New Zealand’s sporting leadership is world-famous, and on Thursday night some of the country’s most successful sporting leaders came together to support Wairarapa’s teen parent mentoring programme.
Big Talk Little Talks was set up to support Leaving The Ladder Down, an initiative which connects parents from the Wairarapa Teen Parent Unit with mentors. Organised by Women Who Make The Calls (WWMTC) and REAP Wairarapa, the event was far from a typical evening of speeches.
Debbie Fuller, former player and now Assistant Coach of the Silver Ferns, led with the “big talk”, while “small talks” were delivered by athletes and leaders from disciplines as wide-ranging as waka ama, equestrian and motorcycle racing. Over 200 people attended the sold-out event and the night also included a silent auction, with all proceeds from the night going directly to Leaving the Ladder Down.
“It was wonderful to see such a cross-section of the community come out to support such a great programme,” says Trudy Sears of REAP Wairarapa.
“[The speakers] all talked about resilience and how you cope with challenging situations,” she says. “And that was a powerful message for everyone to hear.”
REAP Wairarapa provides significant support to a number of community initiatives and WWMTC founder Mena Antonio says she is grateful for the organisation’s assistance in growing the Leaving the Ladder Down programme.
“The mission is to build diverse leadership from the ground up,” says Antonio. “We grow people, not buildings.”
“[So far] eight women are paired to mentor teen mums and the funds raised enable us to mentor more mums.”
Wings over Wairarapa manager Jenny Gasson, former Superbike racer Aaron Slight, Black Stick Dane Lett, Waka Ama champion Patrick “Paddy” Rimene, former Māori All Black Shannon Paku, and Equestrian NZ High Performance Director Sarah “Cec” Dalziell all had their place at the podium.
Along with resilience, strong leadership and the support of others were common threads, and event attendees were treated to unique insights into the minds and experiences of the country’s sporting elite.
The amount raised for Leaving the Ladder Down is yet to be finalised, but according to Sears, the audience couldn’t have been more supportive.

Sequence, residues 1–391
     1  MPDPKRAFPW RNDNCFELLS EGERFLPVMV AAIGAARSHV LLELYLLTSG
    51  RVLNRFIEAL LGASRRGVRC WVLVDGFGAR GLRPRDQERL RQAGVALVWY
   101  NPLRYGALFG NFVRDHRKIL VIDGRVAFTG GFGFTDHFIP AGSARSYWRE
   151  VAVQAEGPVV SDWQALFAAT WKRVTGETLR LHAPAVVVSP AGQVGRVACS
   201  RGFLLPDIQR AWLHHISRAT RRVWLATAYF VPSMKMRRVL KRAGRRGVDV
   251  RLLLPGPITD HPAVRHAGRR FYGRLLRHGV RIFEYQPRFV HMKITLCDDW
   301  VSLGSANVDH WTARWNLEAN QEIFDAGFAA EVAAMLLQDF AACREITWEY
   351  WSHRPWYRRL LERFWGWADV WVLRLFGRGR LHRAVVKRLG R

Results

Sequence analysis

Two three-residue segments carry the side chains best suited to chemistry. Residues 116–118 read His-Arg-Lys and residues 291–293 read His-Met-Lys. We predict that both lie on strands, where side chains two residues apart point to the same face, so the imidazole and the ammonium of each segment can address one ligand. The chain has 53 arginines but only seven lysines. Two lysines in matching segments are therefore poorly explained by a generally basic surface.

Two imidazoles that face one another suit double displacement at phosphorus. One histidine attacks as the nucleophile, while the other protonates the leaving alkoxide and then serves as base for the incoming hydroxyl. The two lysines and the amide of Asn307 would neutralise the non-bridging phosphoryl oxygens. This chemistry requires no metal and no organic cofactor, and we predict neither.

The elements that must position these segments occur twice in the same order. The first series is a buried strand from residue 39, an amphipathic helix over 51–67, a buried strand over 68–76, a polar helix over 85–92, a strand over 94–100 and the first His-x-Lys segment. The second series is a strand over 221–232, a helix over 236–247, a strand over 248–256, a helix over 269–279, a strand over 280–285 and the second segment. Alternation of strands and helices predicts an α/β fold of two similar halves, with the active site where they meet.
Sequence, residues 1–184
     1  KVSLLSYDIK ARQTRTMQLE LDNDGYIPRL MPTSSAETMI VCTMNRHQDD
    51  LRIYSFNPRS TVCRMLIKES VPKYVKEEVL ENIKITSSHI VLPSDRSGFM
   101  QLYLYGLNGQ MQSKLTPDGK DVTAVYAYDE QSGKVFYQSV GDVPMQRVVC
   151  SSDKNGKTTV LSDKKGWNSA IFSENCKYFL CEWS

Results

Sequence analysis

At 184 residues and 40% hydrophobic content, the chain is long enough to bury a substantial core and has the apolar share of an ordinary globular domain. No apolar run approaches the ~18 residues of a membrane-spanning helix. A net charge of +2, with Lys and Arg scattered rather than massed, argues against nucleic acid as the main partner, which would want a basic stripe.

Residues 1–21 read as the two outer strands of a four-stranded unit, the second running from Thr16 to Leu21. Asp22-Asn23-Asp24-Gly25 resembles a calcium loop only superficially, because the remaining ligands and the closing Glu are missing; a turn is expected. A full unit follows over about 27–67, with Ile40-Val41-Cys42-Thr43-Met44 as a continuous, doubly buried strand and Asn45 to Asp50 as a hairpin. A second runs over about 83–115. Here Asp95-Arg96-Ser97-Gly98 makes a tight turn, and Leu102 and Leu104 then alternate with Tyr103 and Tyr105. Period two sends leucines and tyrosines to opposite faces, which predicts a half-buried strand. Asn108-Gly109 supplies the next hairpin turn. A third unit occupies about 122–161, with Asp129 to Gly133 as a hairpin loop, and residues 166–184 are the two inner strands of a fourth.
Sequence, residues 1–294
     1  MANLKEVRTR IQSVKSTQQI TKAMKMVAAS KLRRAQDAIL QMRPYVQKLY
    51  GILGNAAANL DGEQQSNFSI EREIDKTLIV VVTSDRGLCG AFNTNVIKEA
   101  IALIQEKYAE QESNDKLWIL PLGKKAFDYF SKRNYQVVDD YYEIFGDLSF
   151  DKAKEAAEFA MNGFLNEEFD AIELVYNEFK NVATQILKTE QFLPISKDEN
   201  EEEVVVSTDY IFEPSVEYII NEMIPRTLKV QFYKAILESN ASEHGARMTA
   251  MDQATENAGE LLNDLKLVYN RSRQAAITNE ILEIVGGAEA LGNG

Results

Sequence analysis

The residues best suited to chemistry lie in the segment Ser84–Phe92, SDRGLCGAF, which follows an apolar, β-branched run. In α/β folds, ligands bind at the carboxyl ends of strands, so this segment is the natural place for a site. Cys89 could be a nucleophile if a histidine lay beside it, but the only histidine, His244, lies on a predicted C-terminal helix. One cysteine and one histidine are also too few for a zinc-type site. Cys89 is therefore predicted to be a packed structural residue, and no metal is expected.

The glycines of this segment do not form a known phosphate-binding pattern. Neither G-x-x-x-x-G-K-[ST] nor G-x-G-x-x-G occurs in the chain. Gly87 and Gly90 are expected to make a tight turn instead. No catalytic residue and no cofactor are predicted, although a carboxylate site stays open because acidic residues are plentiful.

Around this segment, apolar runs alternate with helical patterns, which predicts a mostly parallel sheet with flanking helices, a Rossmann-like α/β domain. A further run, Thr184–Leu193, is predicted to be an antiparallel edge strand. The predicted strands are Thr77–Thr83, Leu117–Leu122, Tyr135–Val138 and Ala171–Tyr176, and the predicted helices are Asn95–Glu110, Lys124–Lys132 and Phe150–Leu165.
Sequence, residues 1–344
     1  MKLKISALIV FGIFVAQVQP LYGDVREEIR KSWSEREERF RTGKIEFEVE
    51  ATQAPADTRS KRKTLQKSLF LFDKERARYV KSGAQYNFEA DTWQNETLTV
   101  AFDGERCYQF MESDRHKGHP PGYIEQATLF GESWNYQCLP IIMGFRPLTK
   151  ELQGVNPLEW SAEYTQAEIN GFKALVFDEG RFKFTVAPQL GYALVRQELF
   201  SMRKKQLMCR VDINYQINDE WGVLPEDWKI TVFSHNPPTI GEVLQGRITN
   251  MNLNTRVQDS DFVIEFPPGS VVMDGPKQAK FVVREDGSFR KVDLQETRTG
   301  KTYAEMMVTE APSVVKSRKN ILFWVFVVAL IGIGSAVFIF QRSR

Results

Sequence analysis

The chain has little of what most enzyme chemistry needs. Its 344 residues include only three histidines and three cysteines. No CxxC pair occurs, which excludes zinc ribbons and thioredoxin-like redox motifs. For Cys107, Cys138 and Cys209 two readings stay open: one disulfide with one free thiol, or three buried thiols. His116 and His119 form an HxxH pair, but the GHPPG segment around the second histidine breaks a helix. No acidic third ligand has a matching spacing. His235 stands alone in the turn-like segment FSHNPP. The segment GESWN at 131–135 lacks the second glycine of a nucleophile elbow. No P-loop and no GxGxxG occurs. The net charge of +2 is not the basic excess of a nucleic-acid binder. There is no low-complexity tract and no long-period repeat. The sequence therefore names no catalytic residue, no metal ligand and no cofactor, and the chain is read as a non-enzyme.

“Everybody there was really interested, and all six speakers were really amazing,” she says. “It was a real success.”
Other event supporters include Matahiwi Wines, Hello World Travel, Trust House, and Sellar & Sellar Accountants.
Meet Ellen (L) and Mary (R) - part of Masterton Neighbourhood Support's Weconnect programme.
Ellen, who is originally from the Netherlands, meets with Mary for an hour every week at the bakery where she works to catch up and discuss how she's adjusting to life here in New Zealand. It's also a great chance to work on conversational skills including picking up Kiwi phrases from Mary who also volunteers as an English tutor running free lessons for Weconnect participants in Masterton.
Ellen happens to have a second Weconnect buddy, Rose, who is based in Martinborough - where they both live. Rose had moved to the area following the Christchurch quakes so is a wealth of knowledge when it comes to natural disaster preparedness, something Ellen isn't used to thinking about.
By working with a local buddy, Weconnect supports residents from culturally diverse backgrounds to feel safe, resilient and connected in their new community. If you live in the Wairarapa region and would love to help participants get settled in and make local connections, please email Cathy Cameron: firstname.lastname@example.org
The Melbourne Cup can be seen as an excuse for people to dress to the nines and get so drunk that they often miss seeing the races.
The physical and psychological pain these horses suffer is immense, with the movement against horse racing growing as animal welfare advocates call for change. What do you think? Should horse racing be banned? Vote in the poll below.
30.6% Definitely - it’s inhumane30.6% Complete
14.2% No - it’s a bit of harmless fun14.2% Complete
3.7% I don’t have an opinion3.7% Complete
51.6% Only for those found guilty of abuse51.6% Complete